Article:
Tuesday, March 24, 2015

Asian Greens 2014

Spring is an amazing time of year in Central Washington. Never before have I lived a place where you can both snowboard through fresh powder and sow seeds in your garden during the same day. We are fortunate to have spring come early in our part of the world.  Although it may feel like a long winter to some, where I grew up the weather is still dipping below zero. I consider our almost guaranteed mild weather a gift from above and I relish the songs of the red winged blackbirds and robins who confirm my belief that winter is indeed over.
If you have not already started a few seedlings, now is the time to do it. Already at the farm, trays are filling up with starts....onions, shallots, leeks, basil, broccoli, celeriac, peppers and kohlrabi. Soon cabbage, tomatoes and eggplant will be added to the list. The high tunnels are planted to the brim with greens; little cotyledons already poking up above the dark soil.
For those of you who are living down valley, you can begin to plant your spring garden any day now. Many vegetables thrive in the cool of spring. Some of my favorites are the Asian greens. With a multitude of varieties to choose from and outstanding flavor and versatility, Asian greens are one of the underappreciated gems of the spring garden. They are fast to mature, take up very little space (compared to tomatoes or corn) and are easy to grow, making them a good choice for beginner gardeners. They are also forgiving at harvest time. These greens can be harvested at a baby size for salads or can be allowed to mature for stir fries. In Asia, these plants are typically not even harvested until they have begun to flower (when their nutrient content is at its peak). What this means for the home gardener is that you really can’t go wrong. No matter the size, these plants will remain edible and will not bitter (although the flavor changes with size). Since they are fast to mature and can tolerate cooler weather, the gardener can sow these greens early in the season, harvest  as needed and then use the  same garden space later on for warmer weather crops.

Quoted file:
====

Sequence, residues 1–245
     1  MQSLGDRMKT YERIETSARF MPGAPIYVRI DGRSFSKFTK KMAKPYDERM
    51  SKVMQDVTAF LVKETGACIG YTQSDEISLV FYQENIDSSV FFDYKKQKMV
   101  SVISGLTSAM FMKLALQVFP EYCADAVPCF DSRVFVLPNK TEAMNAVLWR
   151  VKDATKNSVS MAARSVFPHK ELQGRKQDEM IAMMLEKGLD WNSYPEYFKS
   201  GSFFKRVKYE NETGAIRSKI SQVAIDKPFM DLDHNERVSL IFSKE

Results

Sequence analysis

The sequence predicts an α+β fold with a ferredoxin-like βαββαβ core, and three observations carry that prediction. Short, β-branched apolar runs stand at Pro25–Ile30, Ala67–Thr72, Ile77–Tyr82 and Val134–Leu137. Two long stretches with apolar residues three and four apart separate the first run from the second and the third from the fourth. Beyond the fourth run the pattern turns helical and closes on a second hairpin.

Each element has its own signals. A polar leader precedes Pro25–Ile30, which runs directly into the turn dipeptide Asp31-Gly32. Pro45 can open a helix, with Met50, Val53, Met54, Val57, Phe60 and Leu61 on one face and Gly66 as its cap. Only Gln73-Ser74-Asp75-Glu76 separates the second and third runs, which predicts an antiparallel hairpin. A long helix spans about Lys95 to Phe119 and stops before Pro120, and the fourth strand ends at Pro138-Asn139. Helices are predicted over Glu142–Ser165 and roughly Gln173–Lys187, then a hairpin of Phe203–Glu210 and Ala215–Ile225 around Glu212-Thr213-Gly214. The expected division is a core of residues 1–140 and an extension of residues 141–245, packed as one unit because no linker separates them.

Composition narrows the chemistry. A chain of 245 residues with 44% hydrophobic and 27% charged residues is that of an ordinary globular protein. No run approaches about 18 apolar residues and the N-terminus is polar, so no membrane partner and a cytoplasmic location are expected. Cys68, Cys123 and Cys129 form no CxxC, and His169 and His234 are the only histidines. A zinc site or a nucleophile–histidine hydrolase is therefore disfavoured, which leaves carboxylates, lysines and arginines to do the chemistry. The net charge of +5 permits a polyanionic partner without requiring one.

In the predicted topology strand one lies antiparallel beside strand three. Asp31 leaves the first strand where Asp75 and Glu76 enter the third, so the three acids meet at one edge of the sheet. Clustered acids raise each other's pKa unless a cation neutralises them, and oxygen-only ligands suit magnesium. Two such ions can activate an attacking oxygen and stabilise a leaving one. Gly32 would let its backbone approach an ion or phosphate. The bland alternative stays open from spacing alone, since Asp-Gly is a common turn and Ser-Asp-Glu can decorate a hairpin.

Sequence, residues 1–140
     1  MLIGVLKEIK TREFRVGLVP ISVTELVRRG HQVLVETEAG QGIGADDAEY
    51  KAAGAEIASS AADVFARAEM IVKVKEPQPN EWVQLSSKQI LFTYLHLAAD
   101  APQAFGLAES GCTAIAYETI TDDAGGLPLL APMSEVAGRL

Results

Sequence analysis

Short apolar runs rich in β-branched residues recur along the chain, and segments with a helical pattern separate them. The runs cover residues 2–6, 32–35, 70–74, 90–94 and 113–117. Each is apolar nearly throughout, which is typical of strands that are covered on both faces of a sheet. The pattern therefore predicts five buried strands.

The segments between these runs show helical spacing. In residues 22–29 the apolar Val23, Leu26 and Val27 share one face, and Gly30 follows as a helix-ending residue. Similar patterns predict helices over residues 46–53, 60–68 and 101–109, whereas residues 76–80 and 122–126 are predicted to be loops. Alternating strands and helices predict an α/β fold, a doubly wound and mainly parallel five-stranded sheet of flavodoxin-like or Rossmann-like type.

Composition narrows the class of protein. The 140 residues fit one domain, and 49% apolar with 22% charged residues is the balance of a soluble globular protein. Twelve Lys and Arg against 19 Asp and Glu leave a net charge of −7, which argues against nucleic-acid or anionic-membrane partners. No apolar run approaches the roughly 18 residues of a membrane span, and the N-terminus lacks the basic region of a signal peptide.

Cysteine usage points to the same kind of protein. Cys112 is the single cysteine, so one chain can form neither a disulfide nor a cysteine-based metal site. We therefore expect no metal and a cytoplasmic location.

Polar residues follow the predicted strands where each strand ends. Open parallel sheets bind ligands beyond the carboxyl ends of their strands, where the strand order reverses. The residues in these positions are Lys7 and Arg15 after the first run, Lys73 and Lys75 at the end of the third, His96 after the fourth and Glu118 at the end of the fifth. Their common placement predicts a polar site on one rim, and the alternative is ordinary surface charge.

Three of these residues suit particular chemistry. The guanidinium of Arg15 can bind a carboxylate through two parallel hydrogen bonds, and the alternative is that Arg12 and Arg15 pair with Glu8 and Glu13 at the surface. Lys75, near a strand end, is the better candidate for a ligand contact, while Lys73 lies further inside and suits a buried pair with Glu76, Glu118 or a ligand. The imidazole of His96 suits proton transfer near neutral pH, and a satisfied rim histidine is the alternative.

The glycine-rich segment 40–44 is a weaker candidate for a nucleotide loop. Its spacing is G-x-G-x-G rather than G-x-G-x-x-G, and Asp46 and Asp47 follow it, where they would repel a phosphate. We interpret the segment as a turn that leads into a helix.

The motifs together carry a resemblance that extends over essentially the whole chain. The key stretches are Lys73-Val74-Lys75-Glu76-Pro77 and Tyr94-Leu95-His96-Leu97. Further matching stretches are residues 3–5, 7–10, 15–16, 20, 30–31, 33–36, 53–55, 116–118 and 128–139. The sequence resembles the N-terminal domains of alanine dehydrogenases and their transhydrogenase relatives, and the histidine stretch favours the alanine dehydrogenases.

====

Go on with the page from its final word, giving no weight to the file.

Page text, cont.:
This year, embrace the spring vegetable gardening season whole-heartedly and free yourself from the bane of wilted grocery store produce. Allow yourself to experiment with something different...you might find a new favorite food.

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